Québec City, August 23, 2017 – The 150th annual meeting of the Canadian Medical Association (CMA) ended with physicians vowing to intensify their efforts to advocate on critical issues, including opioids and medical aid in dying.
"Technology is opening up new frontiers in medicine; advances that were unimaginable a few years ago are now within reach," said CMA President, Dr. Laurent Marcoux. "As our practices undergo this sweeping change, the CMA will continue to be a partner to patients and physicians—a driving force for collaboration and a positive source of inspiration."
The meeting in Québec City, which united over 600 participants from across Canada and the world, featured discussion on a wide range of health care issues, including physician health and burnout, opioid use in Canada and medical aid in dying.
The CMA continues to press the federal government to lead development of a national coordinating system that encompasses all aspects of end-of-life care, including advance planning, palliative care and assisted dying.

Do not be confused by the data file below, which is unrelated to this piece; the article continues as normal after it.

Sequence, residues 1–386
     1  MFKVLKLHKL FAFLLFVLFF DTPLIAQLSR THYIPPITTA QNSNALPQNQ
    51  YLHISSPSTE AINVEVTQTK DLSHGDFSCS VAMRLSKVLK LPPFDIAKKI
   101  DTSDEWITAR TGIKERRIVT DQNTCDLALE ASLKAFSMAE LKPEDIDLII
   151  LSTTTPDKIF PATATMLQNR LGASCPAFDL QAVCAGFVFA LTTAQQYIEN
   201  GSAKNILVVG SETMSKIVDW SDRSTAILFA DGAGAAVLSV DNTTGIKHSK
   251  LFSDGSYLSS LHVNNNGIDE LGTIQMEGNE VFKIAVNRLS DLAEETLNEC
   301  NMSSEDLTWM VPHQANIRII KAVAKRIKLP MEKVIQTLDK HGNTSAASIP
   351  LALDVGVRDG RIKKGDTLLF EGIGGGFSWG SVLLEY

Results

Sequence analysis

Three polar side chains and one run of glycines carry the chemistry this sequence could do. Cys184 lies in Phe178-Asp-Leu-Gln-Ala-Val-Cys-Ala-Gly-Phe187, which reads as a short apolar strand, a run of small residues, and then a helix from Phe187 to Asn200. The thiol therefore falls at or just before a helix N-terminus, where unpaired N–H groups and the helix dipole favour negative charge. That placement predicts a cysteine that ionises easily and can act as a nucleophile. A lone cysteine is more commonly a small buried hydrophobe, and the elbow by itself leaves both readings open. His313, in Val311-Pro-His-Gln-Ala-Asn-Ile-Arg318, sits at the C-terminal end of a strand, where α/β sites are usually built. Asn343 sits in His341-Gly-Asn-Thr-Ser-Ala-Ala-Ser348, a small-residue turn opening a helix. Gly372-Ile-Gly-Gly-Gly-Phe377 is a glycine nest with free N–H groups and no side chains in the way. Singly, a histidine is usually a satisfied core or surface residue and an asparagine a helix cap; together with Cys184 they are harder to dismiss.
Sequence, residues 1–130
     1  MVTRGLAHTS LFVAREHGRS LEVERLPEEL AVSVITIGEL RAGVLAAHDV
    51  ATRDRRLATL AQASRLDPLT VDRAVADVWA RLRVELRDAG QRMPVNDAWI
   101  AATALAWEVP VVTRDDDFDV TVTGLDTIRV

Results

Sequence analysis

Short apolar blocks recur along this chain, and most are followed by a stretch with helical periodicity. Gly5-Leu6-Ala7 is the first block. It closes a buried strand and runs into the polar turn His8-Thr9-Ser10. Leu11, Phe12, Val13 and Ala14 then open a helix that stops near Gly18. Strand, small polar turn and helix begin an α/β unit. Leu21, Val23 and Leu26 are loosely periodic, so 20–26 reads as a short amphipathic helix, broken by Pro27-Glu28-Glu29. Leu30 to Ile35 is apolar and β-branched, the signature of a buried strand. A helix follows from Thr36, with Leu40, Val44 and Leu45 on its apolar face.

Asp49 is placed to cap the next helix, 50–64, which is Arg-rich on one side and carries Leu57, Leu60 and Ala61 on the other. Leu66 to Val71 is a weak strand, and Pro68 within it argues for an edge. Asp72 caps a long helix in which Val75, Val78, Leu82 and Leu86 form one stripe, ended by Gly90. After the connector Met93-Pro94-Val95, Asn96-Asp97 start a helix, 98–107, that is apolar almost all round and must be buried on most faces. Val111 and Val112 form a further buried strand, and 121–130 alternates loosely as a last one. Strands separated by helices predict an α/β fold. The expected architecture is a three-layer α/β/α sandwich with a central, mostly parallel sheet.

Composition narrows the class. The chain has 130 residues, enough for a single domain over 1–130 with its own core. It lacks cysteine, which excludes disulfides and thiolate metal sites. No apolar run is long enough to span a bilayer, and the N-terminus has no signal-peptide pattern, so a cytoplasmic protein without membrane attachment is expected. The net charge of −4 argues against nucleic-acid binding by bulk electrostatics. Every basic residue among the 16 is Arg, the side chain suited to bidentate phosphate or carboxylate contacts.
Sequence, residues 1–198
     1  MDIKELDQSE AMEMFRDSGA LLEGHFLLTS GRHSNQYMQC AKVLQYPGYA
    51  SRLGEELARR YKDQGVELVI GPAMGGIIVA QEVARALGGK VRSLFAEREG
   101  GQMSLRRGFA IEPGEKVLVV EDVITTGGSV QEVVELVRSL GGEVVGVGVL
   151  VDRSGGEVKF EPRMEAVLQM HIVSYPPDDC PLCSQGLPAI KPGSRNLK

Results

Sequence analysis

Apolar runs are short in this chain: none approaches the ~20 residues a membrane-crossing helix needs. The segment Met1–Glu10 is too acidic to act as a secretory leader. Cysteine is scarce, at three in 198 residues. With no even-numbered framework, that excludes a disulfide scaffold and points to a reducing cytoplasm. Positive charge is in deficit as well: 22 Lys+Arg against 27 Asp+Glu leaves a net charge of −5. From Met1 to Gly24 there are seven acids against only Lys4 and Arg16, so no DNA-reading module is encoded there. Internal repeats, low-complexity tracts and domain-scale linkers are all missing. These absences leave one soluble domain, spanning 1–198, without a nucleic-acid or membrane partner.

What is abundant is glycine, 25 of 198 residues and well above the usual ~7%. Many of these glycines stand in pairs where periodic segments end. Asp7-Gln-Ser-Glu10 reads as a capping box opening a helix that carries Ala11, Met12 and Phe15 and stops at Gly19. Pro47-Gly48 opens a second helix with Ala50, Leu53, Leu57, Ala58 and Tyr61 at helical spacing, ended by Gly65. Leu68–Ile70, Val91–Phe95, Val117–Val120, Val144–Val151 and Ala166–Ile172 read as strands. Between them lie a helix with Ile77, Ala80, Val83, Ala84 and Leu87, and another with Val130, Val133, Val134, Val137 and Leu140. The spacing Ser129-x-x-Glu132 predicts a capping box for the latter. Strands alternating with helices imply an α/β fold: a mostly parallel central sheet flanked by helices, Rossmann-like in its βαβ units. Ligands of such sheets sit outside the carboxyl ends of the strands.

"A patchwork of provincial policies will only lead to further inequities," said Dr. Marcoux. "The CMA will continue to be an active, expert participant in the national discussion on the health issues that matter to Canadians."
The CMA contends that the health care system needs to be redesigned to meet the health care needs of our nation's growing senior population. Seniors care should be a top public policy priority for all governments in Canada and a pan-Canadian strategy is needed to address the more complex and chronic health care needs of seniors.
"The number of seniors expected to need help or care will double in the next 30 years, and Canada is not ready," warned Dr. Marcoux. "Maintaining the status quo is a prescription for disaster."